In 1923, he began studying at Fordham University in the Bronx, N.Y., as a member of what was then the largest freshman class in Fordham’s history. He graduated with a bachelor’s degree in 1927 and joining the New York Telephone Company in their Bronx field office. During this time, he began discerning a call to religious life, eventually deciding to join the Franciscan Order.
He was received into the novitiate on Aug. 26, 1933, at St. Bonaventure Friary in Paterson, N.J., and given the name Dominic. He professed simple vows on Aug. 27, 1934, and made his solemn profession on Sept. 17, 1937, the feast of the Stigmata of St. Francis of Assisi. Within two weeks, he was ordained to the priesthood. He celebrated his First Mass at his home parish of Blessed Sacrament in October 1937.
His first assignment was to the Church of St. Francis of Assisi on West 31st Street in New York City, where he celebrated Mass, heard confessions, and served as a substitute chaplain in nearby hospitals. After five years, he was given permission to join the U.S. Army Chaplains Corps and he conducted his training at Fort Benjamin Harrison in Indiana.
The first 25 months of his service were spent at three U.S. Army camps in the United States. During that time, he offered counsel and the sacraments, and helped welcome more than 150 U.S. soldiers into the Catholic Church.
In May 1944, his unit was deployed to Great Britain as part of General Omar Bradley’s First Army in the 79th Division and attached to its 315th Regiment. He was one of the thousands of soldiers who landed on the beaches of Normandy on June 6, 1944, where he cared for the wounded and prayed for the dead.
Thirteen days after D-Day, Dominic’s 315th Army Regiment was ordered to move inland and seize territory for the Allies. They faced heavy resistance from the Germans as they attempted to take the town of Cherbourg. On June 19, 1944, Dominic stopped to minister to a wounded sergeant near the village of Valognes. As he was praying for the soldier, a German sniper shot him in the back. He was the first American OFM Franciscan to be killed in the line of duty during World War II.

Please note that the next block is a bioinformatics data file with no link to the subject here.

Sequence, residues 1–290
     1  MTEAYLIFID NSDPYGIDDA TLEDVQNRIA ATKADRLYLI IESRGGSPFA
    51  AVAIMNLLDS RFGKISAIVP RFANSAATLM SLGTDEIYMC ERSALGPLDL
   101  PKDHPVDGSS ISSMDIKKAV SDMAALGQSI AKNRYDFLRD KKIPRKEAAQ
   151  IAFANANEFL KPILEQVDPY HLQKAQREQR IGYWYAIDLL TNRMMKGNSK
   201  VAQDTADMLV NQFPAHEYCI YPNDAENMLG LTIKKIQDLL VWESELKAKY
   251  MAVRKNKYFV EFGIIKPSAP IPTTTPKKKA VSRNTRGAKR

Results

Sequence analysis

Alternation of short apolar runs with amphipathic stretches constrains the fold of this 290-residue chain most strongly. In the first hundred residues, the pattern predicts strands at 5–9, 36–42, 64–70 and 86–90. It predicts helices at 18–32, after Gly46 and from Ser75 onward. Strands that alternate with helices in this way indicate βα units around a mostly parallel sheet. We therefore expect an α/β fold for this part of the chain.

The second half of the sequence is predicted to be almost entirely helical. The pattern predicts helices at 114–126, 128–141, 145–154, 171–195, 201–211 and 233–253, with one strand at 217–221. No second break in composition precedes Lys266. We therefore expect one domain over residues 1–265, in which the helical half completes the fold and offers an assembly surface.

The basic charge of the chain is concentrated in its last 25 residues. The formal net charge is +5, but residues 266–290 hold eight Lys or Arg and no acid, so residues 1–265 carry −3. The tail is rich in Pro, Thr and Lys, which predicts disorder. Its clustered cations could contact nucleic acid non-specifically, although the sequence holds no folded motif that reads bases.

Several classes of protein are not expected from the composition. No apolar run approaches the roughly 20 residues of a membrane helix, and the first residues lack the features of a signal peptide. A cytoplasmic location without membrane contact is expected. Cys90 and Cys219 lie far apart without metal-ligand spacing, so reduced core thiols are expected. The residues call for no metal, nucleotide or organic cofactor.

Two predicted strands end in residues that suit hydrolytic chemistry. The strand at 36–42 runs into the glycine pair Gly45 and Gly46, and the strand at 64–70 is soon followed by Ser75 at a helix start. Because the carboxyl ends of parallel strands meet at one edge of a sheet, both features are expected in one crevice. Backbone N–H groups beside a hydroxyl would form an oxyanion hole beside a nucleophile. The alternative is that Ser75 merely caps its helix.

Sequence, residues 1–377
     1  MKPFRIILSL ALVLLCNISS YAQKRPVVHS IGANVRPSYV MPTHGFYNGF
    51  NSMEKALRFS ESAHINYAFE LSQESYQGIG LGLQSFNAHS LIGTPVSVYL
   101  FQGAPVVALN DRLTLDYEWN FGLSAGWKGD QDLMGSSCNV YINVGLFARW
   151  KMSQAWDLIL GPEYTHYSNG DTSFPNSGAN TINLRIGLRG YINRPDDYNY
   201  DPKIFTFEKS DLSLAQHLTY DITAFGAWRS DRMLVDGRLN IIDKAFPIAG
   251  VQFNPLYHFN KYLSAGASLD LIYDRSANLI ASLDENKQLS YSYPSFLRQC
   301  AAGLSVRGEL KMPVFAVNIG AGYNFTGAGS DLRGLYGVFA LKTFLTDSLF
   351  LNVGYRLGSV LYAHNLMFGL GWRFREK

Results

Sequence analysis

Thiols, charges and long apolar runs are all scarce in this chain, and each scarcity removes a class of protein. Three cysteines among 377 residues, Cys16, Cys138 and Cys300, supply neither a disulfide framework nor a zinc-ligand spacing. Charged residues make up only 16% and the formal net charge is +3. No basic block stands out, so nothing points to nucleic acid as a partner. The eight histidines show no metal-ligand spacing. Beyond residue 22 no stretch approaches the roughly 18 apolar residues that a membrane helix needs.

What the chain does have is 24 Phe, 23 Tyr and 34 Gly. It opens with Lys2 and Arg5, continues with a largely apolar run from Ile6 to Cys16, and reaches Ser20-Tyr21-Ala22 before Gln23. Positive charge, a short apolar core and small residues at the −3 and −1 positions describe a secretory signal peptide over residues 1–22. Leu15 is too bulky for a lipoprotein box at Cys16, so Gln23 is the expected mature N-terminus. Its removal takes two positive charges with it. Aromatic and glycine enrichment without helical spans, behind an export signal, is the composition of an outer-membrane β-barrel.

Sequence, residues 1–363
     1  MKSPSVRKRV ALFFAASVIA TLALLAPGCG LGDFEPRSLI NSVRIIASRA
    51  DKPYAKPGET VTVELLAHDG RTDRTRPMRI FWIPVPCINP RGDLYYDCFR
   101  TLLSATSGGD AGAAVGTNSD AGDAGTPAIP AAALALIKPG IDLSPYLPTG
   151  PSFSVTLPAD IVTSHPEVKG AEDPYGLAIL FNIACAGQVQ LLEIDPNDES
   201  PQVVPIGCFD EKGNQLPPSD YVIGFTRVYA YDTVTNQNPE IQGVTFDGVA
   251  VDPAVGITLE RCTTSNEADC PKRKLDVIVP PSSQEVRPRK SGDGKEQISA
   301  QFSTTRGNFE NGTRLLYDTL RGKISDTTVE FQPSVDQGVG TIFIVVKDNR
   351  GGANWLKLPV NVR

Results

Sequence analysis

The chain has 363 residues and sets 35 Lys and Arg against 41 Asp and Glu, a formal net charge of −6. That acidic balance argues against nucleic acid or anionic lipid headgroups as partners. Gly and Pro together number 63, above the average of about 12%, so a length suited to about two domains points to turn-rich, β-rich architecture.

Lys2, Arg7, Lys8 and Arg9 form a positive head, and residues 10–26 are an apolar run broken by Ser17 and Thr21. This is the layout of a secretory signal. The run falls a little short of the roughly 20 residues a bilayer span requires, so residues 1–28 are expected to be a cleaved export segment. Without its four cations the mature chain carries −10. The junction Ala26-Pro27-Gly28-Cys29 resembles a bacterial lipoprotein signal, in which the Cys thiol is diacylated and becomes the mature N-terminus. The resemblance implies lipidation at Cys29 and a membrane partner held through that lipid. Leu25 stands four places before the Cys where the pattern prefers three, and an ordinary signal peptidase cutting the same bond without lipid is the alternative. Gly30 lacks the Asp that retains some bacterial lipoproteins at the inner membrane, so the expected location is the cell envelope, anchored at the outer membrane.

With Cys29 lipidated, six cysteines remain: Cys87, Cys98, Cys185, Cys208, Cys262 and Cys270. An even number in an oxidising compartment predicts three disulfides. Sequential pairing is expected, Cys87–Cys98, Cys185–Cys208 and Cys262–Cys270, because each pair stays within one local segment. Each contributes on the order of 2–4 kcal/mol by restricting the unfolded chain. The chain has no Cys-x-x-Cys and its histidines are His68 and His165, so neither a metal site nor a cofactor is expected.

He was initially buried in a cemetery in Chateau Sevigny, France, and three Masses were said for the repose of his soul – one at the Church of St. Francis of Assisi, one at his home parish in Cypress Hills, and one at his alma mater, Fordham University. A short time later, the U.S. War Department posthumously awarded him with the Silver Star Medal for his gallantry and courageous ministry to the wounded soldier. After the conclusion of World War II, Dominic’s body was transferred in 1948 from France to Holy Sepulchre Cemetery in Paterson, where he rests today.
— Maria Hayes is director of marketing for Holy Name Province.
Editor’s note: The biographical information used in this article was taken from “A Heroic World War II Religious Order Chaplain, Brooklyn Born and Bred,” written by Brian Jordan and published in HNP Today on Nov. 8, 2017.
- “75 Years Later, a Heroic Chaplain’s Memory Lives On” – Fordham News
- “Army Chaplain Dominic Ternan, Son of Brooklyn and Fordham University, Honored on 75th Anniversary of His Battlefield Death Just After D-Day” – June 16, 2019, Daily News
- “Franciscan, Only Priest, Killed in D-Day Invasion, Recalled for Heroism” – June 6, 2014, Catholic News Service
- “Franciscan Priest From Brooklyn, a WWII Hero, Remembered 75 Years Later“, June 25, 2019, The Tablet